Manuka (Leptospermum scoparium)
Growing up in New Zealand I often started my day with a nice slice of bread with Honey, deriving from the flowers of the Manuka tree. This wasn’t really something special back in my childhood, but now as research showed interesting beneficial health effects of the regular consumption of Manuka honey, the demand sky-rocketed in recent years and Manuka honey became an expensive and precious commodity, which is today exported from New Zealand all over the world. Its time to have a look into what makes this honey so precious.
The Manuka tree itself isn’t special or rare at all. It is a common tree in New Zealand and can be often found at the edge of the woods. It grows to about a height of 4 meters and you can easily recognise the tree, with his dark wood, long narrow leaves, and the beautiful white-pinkish flowers. If you are not hundred percent sure if it is a Manuka or not, just pick some leaves from the tree and rub or crunch them between your fingers. You will directly smell a strong resinous odour.
In the time of the first settlers, people made tea out of these leaves, which is why some people call it still tea tree, but the leaves have a relatively harsh taste, so be careful with the amount you use for brewing.
A teaspoon of fresh leaves in 500ml already results in a pretty strong tea with a slightly bitter taste, which is described to have anti-inflammatory and antipyretic effects as well as to help with kidney problems.
The Flowers can also be added to the tea, but don’t have an intense flavour. Also, the health effects are not as strong, as the organic compounds, which are responsible for the beneficial health properties of the later honey, are not in the nectar, but are created in the process of the honey production by the bees.
The nectar itself just contains the precursors of the Methylglyoxal, which is the main organic compound, responsible for the antimicrobial effect the Manuka honey is famous for and has, therefore, no direct health effect when put into a tea. So better use the final Manuka honey, if you want to have a healthy tea and not the flowers.
When looking for the right Manuka honey the UMF (Unique Manuka Factor) value can help you to find the best and most healthy Manuka honey. It is a special quality grading system for Manuka honey which describes, how much of the honey you are buying derived from the Manuka flowers or nectar. It’s calculated by measuring the amount of Leptospermum, which is an organic compound, which can just be found in the nectar of Manuka flowers.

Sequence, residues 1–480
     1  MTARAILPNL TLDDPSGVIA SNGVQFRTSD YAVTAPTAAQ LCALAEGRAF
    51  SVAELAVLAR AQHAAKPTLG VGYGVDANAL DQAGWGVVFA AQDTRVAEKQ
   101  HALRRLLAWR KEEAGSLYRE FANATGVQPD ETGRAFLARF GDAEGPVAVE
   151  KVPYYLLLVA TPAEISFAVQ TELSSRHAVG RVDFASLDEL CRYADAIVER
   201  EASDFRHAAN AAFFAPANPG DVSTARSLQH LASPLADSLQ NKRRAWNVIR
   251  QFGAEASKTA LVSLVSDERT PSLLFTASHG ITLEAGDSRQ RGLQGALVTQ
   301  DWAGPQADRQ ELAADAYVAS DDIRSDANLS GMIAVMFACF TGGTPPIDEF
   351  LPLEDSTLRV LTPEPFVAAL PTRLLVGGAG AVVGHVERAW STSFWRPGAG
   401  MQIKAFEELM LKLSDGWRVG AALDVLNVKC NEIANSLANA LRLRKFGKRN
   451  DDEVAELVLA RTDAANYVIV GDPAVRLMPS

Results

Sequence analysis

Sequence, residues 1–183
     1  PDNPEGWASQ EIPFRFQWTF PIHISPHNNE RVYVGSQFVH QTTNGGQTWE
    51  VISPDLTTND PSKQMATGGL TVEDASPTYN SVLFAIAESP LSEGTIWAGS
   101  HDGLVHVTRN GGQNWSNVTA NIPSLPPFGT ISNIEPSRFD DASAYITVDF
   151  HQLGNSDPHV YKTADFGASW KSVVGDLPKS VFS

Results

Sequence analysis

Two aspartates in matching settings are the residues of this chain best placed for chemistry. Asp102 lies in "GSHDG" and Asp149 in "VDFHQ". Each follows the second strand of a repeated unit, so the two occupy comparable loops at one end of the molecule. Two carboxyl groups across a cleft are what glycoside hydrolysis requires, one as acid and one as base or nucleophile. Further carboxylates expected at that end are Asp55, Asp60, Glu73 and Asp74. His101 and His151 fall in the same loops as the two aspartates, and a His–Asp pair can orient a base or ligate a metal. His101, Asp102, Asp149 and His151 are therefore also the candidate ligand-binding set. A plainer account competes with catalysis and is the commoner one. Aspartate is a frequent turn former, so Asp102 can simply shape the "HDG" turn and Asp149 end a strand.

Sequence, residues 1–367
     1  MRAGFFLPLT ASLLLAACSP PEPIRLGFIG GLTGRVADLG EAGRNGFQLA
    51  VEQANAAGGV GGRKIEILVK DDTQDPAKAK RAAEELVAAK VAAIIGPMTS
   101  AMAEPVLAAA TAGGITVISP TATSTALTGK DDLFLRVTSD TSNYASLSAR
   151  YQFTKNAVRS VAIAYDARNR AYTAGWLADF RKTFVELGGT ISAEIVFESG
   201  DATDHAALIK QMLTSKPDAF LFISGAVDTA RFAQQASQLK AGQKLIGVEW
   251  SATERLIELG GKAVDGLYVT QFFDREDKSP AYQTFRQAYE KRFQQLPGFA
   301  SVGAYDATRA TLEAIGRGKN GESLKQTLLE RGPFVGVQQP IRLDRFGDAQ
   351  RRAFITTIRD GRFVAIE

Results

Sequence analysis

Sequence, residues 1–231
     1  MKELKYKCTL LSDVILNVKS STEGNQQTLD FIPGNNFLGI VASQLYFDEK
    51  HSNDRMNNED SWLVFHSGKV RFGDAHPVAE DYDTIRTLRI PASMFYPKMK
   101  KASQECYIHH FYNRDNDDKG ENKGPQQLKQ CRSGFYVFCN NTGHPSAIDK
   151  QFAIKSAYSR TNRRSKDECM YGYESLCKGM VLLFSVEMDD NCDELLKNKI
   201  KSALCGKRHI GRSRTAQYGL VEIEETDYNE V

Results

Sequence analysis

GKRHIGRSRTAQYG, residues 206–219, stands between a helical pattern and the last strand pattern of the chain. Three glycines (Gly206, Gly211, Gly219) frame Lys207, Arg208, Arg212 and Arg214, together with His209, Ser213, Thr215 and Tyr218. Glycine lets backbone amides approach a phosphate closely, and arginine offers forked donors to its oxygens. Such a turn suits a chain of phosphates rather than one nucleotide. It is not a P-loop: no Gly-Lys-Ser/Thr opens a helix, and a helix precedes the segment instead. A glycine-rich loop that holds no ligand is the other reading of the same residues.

So, the more Leptospermum can be found in the honey the higher the share of Manuka honey in the final product. To make it simpler for the customers there is a point system, which shows you the different quality standards.
Low Grade: UMF5 to UMF9
Medium Grade: UMF10 to UMF15
Superior High Grade: UMF16+
The Price range between the different grades is huge. For a lower grade UMF 5+ Manuka Honey you normally pay around 25€ in Europe. For a 250g jar of UMF 20+ Manuka Honey, you easily pay 90€. Although this seems pretty expensive compared to standard retail honey, people seem to be willing to pay those relatively high prices. In 2017, for example, the export of honey from New Zealand grew by 28% to more than 300 million Dollars mostly due to the Manuka honey boom.
Growth rates other food sectors just can dream of and is probably the reason why other countries a desperately trying to set up their own Manuka honey production. Australia, for example, started to plant Manuka trees in Tasmania a couple of years ago and hopes to become an additional supplier for this scarce honey variety, but it will definitely not be able to compete with the amounts New Zealand is currently producing in the short run.
Of course, New Zealand beehive owners are not really happy about the rising competition, but I think it would probably also be not too bad to have another producer in the game to make Manuka honey still affordable and thereby accessible for broad public. It would be a pity if such a product would get to one of those luxury products common people couldn't effort anymore, but let’s see what will happen in the next couple of years.
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